• Kaveman Kara

Single Shamers

Updated: Nov 20, 2018


My first real boyfriend came into my life when I was 14 and since then I’ve almost always had a partner. I’ve recently made the decision to take a break from dating to work on myself, and for the first time, I’m dealing with Single Shamers. They're known for their predictable responses to our relationship status and they're notorious for making us feel like being single is the new leprosy. Below are the top five predictable responses from Single Shamers and what makes them bullshit.


1. “You just haven’t found the right person yet.”


When I tell shamers I’m not sure if I ever want to get married or have kids, most drop their jaws, gasp for air and let out, “You just haven’t found the right person yet.” When I explain my aspirations for teaching, writing and entrepreneurship, I’m met with blank faces that imply the only way to be truly valued in society is to get married and have kids.


I look at some of the most successful people of my generation who are not married and do not have kids. They’ve become role models and leaders, yet they’re still judged for never taking the plunge into married life.


The truth is that many of us were created to achieve greater goals than a spouse and a family. The perception of this simple truth became corrupted when everyone decided to start keeping up with the Johnsons instead of pursuing their individual dreams.


2. “You’d love my friend.”


When shamers try and set me up, the pitch is predictable and often sneaky. I’ll be out with friends or getting ready to go out when I’m told, “Well, you know my boyfriend has a friend who wants to come and he’s cute, so just saying.” Other times it’ll be a coworker saying I’d love their son.


Regardless of the source, the implication is clear that, I want a partner and I need help finding one.


Shamers assume when you’re single, that you’ve been looking for someone with no luck, so they take it upon themselves to help. But being single doesn’t equate to helplessness or unhappiness. For many of us, this time in our lives where we have no one to answer to is a blessing, not a curse.


What the Single Shamers need to know is that many who are single are not looking for someone else, but actually looking for themselves. We can’t love anyone else before we love ourselves and with rates of depression sky rocketing, loving ourselves is more difficult than ever.


3. “You need to have kids when you’re young.”


It’s been said that having children at an older age puts the mother and child at risk. While I understand this concern, I don’t agree with putting a decision as serious as bringing a child into the world on a time limit. Today, people are working longer and having babies later, a choice that is slammed so often.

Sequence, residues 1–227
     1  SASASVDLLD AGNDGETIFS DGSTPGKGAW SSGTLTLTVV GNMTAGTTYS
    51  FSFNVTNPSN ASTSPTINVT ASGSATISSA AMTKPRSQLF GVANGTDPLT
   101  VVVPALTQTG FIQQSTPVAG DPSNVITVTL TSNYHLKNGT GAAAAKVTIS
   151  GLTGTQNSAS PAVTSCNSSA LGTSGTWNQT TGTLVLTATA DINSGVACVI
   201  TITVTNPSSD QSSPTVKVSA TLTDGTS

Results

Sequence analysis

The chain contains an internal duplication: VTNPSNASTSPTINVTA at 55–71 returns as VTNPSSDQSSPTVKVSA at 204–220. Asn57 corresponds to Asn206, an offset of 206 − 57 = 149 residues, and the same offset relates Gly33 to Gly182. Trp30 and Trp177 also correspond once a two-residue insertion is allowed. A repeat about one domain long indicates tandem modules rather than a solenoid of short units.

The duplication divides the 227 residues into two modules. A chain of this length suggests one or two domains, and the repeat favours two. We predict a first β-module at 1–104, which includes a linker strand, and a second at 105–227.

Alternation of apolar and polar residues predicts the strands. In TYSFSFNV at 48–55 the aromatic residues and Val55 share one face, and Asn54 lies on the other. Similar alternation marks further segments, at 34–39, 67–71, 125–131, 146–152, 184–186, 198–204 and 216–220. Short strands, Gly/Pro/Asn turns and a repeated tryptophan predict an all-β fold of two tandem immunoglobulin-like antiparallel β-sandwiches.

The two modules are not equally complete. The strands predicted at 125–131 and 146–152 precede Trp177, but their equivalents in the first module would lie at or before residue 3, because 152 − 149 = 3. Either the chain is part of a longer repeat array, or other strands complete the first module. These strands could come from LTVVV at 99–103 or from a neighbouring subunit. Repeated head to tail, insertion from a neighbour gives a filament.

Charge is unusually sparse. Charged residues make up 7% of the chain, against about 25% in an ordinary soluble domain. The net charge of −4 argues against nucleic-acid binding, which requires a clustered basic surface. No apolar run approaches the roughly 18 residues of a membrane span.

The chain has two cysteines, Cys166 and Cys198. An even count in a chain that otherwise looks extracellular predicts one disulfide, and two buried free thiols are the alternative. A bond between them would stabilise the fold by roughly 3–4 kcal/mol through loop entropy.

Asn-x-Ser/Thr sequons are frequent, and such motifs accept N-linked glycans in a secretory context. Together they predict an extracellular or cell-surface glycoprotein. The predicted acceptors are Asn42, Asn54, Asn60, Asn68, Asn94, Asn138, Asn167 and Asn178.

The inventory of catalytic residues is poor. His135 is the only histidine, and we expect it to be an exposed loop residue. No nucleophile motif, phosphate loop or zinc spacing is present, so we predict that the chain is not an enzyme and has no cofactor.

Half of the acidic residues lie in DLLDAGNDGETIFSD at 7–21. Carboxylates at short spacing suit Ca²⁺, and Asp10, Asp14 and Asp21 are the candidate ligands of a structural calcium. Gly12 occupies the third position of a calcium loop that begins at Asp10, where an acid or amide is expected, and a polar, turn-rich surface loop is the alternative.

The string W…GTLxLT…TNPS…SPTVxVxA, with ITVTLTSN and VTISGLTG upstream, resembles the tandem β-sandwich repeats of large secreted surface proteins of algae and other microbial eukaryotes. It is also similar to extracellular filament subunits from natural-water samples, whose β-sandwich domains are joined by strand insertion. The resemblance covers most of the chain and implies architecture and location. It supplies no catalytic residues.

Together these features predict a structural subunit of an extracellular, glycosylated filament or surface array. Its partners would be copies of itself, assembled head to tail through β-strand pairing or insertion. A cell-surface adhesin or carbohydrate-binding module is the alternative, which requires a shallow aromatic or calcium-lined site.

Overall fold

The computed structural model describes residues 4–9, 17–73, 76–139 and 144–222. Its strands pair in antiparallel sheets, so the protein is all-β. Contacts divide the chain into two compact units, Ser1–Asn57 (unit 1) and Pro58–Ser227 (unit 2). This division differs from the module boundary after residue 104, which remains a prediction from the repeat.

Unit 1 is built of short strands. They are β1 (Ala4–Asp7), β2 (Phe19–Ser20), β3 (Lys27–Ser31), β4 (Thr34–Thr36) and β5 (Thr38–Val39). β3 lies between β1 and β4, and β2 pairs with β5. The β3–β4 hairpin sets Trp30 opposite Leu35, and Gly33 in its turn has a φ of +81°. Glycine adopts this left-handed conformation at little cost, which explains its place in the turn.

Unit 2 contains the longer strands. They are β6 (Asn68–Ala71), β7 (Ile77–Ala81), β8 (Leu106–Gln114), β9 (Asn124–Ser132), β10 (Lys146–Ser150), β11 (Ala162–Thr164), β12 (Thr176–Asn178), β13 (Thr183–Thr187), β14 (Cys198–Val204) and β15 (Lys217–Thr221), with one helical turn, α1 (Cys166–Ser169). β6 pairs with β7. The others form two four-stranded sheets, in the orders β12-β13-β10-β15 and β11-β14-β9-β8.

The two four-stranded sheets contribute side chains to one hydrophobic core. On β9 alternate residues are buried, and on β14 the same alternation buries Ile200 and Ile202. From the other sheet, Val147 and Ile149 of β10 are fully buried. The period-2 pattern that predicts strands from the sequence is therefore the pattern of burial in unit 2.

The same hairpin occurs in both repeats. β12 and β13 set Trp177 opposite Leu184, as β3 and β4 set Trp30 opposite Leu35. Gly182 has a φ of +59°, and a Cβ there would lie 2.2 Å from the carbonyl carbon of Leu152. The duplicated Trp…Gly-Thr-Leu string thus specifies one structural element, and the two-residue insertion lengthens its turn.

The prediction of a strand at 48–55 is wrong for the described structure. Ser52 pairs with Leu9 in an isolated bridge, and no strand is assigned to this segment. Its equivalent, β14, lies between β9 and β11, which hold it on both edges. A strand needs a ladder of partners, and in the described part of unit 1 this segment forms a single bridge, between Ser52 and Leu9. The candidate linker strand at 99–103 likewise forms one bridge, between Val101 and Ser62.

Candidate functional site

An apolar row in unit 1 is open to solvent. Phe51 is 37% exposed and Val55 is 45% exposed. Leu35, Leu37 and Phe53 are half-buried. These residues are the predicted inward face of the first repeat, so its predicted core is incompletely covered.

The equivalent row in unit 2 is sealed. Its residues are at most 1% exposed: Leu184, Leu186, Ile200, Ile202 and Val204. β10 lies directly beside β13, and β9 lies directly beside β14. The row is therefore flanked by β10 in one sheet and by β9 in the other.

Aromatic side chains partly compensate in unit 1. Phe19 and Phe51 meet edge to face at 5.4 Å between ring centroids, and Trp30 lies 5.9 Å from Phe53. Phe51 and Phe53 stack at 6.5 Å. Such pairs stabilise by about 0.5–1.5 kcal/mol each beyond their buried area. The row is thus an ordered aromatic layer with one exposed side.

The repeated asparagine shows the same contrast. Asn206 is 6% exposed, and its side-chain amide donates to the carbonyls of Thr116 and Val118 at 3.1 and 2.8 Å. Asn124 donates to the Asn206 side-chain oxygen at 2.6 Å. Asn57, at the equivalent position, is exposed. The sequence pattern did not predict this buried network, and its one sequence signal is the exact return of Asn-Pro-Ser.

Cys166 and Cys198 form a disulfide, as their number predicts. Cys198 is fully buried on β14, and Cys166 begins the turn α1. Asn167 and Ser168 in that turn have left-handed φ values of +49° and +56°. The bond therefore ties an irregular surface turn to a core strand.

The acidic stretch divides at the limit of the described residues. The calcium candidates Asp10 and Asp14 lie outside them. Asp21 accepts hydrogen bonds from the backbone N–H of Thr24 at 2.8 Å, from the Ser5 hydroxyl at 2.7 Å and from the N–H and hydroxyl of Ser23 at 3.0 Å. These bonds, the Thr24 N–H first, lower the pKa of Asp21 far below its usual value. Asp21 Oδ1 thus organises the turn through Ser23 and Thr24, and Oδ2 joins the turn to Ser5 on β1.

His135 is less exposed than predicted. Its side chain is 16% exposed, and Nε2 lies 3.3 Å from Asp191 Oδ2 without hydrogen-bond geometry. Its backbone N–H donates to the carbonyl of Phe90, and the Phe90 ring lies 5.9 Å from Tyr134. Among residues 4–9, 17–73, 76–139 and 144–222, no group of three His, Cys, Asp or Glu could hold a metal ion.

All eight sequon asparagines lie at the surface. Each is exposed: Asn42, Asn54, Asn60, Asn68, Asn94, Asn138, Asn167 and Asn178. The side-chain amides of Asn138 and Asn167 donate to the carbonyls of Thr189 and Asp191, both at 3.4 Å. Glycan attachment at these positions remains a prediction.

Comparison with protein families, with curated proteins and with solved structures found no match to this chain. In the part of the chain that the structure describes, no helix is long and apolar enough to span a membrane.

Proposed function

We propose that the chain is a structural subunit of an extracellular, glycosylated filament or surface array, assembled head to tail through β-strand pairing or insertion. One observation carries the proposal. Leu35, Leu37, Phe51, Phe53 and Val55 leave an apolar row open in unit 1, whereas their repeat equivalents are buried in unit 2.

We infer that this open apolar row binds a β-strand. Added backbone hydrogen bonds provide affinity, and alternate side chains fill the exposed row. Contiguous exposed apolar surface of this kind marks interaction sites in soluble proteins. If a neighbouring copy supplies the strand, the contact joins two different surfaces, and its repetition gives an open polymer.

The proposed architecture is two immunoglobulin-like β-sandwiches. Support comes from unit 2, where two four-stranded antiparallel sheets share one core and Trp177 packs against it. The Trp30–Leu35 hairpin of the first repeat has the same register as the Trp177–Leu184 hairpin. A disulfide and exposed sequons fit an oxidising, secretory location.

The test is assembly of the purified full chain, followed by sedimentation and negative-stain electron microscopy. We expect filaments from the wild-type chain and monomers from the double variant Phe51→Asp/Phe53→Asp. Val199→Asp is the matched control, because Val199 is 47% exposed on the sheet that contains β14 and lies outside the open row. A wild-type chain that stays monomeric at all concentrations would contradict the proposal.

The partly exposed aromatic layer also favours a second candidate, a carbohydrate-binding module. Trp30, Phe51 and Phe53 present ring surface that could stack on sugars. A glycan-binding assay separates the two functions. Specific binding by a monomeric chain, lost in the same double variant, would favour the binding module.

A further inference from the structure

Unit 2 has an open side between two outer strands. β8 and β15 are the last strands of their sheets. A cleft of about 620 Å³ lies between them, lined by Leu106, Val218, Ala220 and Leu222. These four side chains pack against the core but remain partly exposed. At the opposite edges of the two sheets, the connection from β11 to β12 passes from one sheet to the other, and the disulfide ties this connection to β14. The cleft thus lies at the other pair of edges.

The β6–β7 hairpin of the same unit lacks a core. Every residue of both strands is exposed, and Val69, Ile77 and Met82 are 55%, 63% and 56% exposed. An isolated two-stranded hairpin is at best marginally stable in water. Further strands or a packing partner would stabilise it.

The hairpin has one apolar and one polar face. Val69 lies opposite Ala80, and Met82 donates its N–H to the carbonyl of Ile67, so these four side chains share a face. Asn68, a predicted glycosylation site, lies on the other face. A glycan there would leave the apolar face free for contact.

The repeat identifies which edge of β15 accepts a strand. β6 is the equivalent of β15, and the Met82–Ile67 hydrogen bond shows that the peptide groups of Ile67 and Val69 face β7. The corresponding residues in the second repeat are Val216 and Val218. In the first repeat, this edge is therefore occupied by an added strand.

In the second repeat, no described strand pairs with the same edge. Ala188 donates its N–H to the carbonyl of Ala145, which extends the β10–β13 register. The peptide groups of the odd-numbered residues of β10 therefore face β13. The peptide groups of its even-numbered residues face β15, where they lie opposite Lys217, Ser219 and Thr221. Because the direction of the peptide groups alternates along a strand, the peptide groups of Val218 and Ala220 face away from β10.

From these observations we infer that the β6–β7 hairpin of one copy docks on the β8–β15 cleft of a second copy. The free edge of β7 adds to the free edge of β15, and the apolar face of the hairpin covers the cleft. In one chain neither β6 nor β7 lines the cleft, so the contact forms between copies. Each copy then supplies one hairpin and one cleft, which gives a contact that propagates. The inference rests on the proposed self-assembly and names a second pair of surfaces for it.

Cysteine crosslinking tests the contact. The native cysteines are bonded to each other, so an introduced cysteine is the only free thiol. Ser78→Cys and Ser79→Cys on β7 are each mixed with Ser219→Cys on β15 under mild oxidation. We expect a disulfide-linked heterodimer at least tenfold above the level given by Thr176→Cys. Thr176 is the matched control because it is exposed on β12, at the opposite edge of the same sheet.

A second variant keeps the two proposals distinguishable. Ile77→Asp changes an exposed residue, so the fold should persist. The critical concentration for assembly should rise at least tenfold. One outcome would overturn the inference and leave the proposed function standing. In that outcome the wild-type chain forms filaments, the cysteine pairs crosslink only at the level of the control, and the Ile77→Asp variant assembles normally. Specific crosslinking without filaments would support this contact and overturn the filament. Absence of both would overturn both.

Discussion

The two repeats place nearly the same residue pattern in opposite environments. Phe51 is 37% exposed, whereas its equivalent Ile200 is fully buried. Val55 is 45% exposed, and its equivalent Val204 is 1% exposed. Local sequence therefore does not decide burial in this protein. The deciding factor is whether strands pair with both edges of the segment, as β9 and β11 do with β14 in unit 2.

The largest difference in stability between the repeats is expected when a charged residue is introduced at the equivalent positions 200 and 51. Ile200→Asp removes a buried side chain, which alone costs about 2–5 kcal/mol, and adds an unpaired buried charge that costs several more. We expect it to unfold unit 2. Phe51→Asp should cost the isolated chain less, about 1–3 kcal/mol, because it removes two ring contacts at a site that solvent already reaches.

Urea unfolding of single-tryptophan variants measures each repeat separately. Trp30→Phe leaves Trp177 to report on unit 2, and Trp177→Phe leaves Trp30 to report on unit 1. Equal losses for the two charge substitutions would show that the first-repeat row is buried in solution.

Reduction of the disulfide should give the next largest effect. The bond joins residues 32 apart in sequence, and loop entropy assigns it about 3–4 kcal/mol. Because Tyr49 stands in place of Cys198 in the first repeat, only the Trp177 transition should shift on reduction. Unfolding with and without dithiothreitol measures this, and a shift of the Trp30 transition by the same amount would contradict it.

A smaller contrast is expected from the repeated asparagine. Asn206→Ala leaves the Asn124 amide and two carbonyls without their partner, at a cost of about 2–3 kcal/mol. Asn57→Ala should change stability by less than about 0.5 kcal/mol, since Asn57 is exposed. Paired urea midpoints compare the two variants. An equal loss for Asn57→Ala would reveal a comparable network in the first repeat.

No one needs to do anything. While I partially understand society's vain obsession with having offspring looking like its parents, if your biological clock times out you can always adopt. Having children is not for everyone and if you're unsure about it, wait. There is nothing awful about having children later in life or never having children, yet the shamers convince us there is.


4. “It’s bad luck to wear a ring on the wedding finger.”


I am a jewelry queen and I’ve been wearing jewelry all over my body for years. This includes wearing a ring on the wedding finger. Perhaps I do it because I’m not superstitious, maybe it’s because I like the way it looks, maybe it’s because I want the world to think I’m taken so everyone will fuck off. Whatever the reason, it's my choice and superstitious claims are just another response the Single Shamers use to attempt to"save us" from winding up alone.


Pieces of jewelry are like tattoos. Some people attach symbolic meaning to them while others just wear them because they look nice. Whatever goes on your body should be for you and for the reasons you want, single or taken.



5. “You’re so young.”


Compared to the shamers' other predictable responses, this one would appear the kindest...if you’re young. But what about the people in their fifties and sixties who never married or had children? If I feel like a leper at 22, I can’t even imagine what it’s like for older people to fight the Single Shamers day in and day out.


It doesn’t matter if you’re 30 or 80, marriage and children are not a requirement. We all live and die, whether we're single or taken, and it's time we stop allowing Single Shamers to define the value of our lives by our relationship status.

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